|Timothy McAllister, Zachary Shemon, Taimur Sullivan, Matthew Levy.|
Its invention in the mid-19th century militated against ready adoption by composers. The symphony orchestra was already a closed club by Beethoven's time; refinements on instruments in good standing were introduced as the 1800s progressed, and the percussion section blossomed. Otherwise, it was chiefly the French who found any place for Adolphe Sax's invention in orchestral or chamber music: A staple of today's repertoire, Ravel's orchestration of Mussorgsky's Pictures at an Exhibition, features a beautiful saxophone solo.
Yet the instrument has been subject to odd hostility over the years, partly because of its association with jazz at a time when that music was roundly scorned by the musical establishment. The eminent English pianist Gerald Moore (1899-1987), known primarily as a singers' accompanist, recalled with horror his salad days as a cinema organist in Canada. He described that organ as an "instrument of torture" comparable "for sheer horror with the saxophone, the harmonica, and the concertina."
The saxophone was bracketed with an even more marginal instrument by H.C. Colles, music critic of the London Times, in the chapter he added in 1930 to C. Hubert Parry's influential, late Victorian "Evolution of the Art of Music." Casting a jaundiced eye on musical innovations, Colles observed: "The twentieth century has the saxophone and the 'Swanee whistle' and is blowing them for all its worth. Will the year 1983 witness the publication of a literature for them comparable to that with which 1683 endowed the violin?"
At the risk of offending devotees of the Swanee (or slide) whistle, I think that by 1983, and continuing up to the present, a worthy repertoire for the saxophone has been well established. A great portion of that is due to the efforts of the PRISM Quartet, a saxophone ensemble in business for 33 years that made its first appearance under Ensemble Music Society auspices Wednesday night at the Indiana History Center.
With a network that has allowed it to take in imaginative transcriptions as well as new music, PRISM shared some of its riches with a near-capacity audience. Its members are cementing individual legacies as well as the ensemble's collective one through faculty positions at four different universities. So the health of the saxophone — over the Swanee whistle and the concertina, for sure — should be assured for the rest of the century, at least.
The youngest composer represented, Julia Wolfe, wrote "Cha" in tribute to her father, a devotee of Latin dance forms. It struck me as a high-spirited piece strongly conveying the exertions of the dancers, their captivation by a whirlwind of rhythms, and their happy exhaustion at the end. Flutter-tonguing, pitchless exhalations into the horns, and a melange of tempos conveyed the feeling.
Similarly, at the end of the concert, a work with a whiff of program music about it was more explicit about the comical aspects of its theme. Michael Daugherty's "Steamboat" incorporated a bluesy, gritty feeling from the start with a honking riff from Taimur Sullivan's baritone saxophone. A mock-mechanical vigor permeates the score. There was a juicy trilling episode focusing on Zachary Shemon's alto later on. Some call-and-response figures evoked black music of the fields and churches in the Mississippi watershed region. A brief cadenza for tenor (Matthew Levy) introduces a subdued passage for contrast, a la "When It's Sleepy Time Down South." The work ends with imitative whistle screams (Timothy McAllister's soprano) and an ensemble unison at the dock.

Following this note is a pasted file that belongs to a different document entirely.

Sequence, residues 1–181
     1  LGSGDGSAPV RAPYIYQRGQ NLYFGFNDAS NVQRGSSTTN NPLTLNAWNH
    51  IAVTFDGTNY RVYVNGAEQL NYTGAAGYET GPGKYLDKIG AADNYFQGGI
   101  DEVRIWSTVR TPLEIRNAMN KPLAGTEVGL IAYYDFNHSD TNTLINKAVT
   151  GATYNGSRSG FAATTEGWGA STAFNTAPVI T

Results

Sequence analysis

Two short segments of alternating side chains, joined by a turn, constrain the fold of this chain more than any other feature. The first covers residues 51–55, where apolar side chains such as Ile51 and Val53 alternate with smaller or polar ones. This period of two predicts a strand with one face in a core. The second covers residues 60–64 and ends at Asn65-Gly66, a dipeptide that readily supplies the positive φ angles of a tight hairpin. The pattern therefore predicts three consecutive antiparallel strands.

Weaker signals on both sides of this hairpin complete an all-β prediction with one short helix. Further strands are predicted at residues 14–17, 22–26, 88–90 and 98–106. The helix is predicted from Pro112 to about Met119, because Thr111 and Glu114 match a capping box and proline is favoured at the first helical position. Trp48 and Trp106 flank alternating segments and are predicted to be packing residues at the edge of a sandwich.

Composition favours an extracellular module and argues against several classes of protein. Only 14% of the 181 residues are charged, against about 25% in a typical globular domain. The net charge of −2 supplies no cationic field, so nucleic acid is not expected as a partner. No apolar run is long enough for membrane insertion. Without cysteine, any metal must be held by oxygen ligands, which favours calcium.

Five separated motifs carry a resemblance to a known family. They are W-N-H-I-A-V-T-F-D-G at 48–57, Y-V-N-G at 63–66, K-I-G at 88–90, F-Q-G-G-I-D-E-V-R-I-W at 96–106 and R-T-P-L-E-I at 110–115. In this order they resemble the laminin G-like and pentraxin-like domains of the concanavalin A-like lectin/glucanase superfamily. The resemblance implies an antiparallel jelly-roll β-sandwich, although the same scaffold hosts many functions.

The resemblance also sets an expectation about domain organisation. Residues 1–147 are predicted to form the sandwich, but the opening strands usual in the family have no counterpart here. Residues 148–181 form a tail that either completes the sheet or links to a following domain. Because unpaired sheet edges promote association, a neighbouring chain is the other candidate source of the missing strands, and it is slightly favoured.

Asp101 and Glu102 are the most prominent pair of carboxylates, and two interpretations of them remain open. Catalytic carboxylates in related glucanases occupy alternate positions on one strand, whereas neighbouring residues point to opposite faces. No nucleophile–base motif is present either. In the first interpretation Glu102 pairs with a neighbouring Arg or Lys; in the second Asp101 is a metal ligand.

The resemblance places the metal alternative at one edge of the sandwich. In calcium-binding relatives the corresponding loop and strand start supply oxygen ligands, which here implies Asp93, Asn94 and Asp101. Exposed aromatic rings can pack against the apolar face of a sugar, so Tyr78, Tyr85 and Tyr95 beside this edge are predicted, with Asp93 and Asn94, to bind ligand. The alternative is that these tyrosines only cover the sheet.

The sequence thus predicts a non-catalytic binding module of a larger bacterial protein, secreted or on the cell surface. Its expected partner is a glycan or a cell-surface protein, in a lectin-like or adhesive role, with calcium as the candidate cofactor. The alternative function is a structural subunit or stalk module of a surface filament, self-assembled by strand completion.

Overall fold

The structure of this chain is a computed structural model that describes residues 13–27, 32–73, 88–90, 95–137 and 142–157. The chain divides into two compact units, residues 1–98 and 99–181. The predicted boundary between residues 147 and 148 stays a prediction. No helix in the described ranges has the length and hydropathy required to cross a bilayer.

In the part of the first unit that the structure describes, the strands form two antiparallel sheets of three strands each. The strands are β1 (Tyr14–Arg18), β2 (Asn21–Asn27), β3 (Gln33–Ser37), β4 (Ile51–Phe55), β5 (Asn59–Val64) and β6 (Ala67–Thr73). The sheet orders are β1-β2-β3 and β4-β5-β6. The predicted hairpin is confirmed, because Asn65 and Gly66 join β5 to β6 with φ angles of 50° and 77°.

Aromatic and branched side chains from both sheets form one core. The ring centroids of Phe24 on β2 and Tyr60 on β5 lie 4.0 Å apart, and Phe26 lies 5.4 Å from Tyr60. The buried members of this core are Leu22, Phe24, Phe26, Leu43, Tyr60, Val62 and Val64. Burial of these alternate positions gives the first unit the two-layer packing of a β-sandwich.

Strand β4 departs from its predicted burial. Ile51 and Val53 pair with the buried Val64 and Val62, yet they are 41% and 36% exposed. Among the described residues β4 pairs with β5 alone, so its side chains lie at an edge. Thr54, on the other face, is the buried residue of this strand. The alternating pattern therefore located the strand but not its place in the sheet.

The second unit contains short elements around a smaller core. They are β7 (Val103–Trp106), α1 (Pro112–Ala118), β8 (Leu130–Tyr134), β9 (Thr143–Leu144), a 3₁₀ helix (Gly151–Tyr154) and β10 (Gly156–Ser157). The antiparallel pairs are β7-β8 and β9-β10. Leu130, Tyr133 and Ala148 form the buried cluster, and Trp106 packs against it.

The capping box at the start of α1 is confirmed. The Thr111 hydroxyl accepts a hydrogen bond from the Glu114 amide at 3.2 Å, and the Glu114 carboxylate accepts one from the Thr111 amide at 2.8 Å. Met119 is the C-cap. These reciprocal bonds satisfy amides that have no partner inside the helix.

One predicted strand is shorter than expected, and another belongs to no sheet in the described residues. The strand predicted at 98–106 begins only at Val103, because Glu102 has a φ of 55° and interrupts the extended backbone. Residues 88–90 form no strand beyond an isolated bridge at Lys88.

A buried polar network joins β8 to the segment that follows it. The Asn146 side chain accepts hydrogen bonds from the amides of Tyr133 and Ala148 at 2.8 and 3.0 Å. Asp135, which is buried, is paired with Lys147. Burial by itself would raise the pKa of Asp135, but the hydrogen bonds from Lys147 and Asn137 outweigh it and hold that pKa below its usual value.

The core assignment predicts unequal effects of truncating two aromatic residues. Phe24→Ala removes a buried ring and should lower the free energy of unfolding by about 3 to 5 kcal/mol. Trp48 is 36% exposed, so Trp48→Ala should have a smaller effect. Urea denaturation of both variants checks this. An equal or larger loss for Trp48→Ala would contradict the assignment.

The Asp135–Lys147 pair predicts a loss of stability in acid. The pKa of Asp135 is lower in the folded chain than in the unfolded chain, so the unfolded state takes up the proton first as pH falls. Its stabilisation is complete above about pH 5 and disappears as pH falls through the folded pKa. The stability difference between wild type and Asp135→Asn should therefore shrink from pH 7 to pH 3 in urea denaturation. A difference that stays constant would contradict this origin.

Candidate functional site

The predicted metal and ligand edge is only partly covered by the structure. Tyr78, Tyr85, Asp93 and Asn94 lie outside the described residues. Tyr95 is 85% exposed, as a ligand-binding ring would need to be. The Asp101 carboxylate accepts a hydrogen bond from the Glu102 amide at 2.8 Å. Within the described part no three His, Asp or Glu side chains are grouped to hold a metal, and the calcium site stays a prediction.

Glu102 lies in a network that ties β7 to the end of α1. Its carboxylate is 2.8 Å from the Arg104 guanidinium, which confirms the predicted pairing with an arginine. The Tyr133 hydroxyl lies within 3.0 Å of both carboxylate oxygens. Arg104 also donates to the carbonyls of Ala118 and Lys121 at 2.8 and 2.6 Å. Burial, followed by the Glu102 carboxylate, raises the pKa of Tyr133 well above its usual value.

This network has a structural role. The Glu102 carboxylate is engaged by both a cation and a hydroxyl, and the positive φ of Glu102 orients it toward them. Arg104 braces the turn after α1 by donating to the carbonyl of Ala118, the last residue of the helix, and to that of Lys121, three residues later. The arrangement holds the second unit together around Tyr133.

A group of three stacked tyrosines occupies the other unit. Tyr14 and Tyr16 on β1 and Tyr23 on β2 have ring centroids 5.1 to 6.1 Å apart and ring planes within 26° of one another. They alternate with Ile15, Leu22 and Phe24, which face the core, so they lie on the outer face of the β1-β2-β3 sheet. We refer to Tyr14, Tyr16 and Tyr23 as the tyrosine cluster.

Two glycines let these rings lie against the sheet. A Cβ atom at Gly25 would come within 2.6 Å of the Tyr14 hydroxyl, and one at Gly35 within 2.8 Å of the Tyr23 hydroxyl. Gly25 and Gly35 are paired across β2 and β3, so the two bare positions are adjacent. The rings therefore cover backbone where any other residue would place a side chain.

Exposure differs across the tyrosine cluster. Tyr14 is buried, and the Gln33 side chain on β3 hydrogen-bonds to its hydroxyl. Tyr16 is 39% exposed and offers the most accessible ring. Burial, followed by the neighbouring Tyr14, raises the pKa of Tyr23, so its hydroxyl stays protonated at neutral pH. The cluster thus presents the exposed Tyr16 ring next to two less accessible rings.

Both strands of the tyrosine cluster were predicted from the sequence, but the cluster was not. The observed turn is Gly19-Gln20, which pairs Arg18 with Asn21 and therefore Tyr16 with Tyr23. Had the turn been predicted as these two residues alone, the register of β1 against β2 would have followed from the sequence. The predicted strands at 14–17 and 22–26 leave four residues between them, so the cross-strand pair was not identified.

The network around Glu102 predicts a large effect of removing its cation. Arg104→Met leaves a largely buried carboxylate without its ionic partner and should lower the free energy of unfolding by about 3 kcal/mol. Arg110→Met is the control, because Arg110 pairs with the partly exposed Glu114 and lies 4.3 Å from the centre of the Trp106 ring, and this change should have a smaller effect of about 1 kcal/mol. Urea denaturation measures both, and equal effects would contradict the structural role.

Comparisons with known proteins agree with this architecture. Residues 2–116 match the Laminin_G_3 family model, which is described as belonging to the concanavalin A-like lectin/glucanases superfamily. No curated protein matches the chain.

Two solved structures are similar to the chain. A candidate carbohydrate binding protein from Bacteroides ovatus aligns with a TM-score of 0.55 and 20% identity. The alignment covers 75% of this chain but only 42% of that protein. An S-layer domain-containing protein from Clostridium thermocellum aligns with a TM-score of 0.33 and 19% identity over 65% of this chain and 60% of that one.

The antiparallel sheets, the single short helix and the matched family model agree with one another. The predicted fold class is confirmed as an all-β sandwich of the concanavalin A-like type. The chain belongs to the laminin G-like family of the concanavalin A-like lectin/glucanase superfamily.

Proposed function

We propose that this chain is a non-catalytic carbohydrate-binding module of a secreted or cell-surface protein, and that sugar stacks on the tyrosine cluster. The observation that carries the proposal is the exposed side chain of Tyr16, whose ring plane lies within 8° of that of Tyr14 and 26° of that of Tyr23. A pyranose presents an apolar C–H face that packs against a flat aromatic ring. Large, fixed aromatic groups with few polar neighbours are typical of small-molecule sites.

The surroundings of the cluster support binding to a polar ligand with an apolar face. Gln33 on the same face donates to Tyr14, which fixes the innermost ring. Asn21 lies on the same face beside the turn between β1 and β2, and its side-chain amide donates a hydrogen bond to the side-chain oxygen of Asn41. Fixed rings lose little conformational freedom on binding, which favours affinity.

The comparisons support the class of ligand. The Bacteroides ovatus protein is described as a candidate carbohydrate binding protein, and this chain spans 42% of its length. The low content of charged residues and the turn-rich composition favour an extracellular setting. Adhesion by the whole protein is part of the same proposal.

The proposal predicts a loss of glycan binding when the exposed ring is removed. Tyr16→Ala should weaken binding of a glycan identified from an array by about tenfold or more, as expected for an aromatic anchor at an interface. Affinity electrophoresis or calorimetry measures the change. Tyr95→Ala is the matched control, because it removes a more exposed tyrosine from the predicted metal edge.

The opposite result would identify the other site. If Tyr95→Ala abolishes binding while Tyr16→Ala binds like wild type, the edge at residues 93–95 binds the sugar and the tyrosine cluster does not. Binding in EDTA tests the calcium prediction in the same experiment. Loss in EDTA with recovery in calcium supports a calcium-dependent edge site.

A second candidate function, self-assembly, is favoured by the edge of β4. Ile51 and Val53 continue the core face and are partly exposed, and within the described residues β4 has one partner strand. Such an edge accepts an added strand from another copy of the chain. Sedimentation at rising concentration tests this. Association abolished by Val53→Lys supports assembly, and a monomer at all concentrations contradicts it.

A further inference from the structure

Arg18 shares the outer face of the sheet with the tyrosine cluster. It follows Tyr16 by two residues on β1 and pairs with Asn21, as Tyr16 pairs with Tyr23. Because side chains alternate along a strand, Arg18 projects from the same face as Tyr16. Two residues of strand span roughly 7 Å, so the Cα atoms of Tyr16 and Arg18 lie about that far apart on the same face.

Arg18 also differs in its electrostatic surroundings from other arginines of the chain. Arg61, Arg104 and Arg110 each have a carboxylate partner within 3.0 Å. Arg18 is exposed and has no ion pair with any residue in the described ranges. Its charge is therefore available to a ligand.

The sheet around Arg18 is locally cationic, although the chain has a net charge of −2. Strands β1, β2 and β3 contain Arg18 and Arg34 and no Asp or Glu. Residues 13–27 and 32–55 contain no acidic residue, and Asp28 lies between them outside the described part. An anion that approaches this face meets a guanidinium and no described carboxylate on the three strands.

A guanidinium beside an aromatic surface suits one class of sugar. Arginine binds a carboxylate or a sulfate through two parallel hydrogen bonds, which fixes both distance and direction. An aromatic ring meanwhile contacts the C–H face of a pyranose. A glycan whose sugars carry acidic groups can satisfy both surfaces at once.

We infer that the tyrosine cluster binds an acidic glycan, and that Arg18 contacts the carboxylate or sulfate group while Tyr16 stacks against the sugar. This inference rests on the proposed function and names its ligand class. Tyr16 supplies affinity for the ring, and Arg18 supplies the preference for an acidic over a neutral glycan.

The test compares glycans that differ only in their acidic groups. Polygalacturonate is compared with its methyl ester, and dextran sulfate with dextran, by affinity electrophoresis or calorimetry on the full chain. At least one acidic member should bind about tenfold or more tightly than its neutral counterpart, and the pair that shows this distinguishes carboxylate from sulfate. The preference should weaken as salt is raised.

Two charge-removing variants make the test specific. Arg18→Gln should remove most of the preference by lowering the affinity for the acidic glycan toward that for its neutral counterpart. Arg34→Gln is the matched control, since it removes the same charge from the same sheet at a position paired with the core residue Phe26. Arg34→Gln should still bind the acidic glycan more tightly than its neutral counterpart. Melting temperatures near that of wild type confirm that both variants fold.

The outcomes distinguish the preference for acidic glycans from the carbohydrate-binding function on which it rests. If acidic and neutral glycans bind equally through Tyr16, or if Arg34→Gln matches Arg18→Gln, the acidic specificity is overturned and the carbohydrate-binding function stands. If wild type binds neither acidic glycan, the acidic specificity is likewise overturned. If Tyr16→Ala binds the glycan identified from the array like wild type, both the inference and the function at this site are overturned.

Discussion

The panache with which the voyage was brought off was unrelenting. In a more somber study of timbre, melody and harmonic subtlety, Martin Bresnick's "Every Thing Must Go" sketched out a tribute to the composer's teacher, Gyorgy Ligeti, in three concise movements. Levy's "Above" displayed the chorale-like poise and unstrained soaring aptitude of an expert saxophone ensemble — features that were treated to more somber suggestions in Roshanne Etezady's "Keen," which opened the concert.
The receptivity of classically unconventional small groups to transcriptions was naturally addressed as well. The PRISM Quartet presented four selections from Salvatore Sciarrino's "Pagine," each of them showcasing different ways of combining the four central saxophone types. The impassioned flow of harmonies through dissonance in a Renaissance madrigal by Carlo Gesualdo balanced the restrained swing of George Gershwin's "Who Cares?" Pieces by two baroque giants sharing a birth year (1685) completed the set: a bright, intricate J.S. Bach "fughetta" and a Domenico Scarlatti sonata with a compact host of demands, all of them neatly met: trills, syncopation, precise dynamic swells and diminutions.
Opening the second half was William Bolcom's arrangement of six brief pieces from Schumann's "Album for the Young." This selection alone offered manifold illustrations of the rapport and poise of the PRISM Quartet, as the mischievous "Knecht Ruprecht" was juxtaposed with the dreamy "Sheherazade," for instance.
PRISM's decades of working to deepen and augment the possibilities of the classical saxophone — indivisible by four, to borrow the title of the Guarneri String Quartet's book — should have made the point to anyone's satisfaction Wednesday night. The dated skepticism of Gerald Moore and H.C. Colles seems pretty cobwebby, given the saxophone's present-day pertinence in the ever-expanding realm of classical music.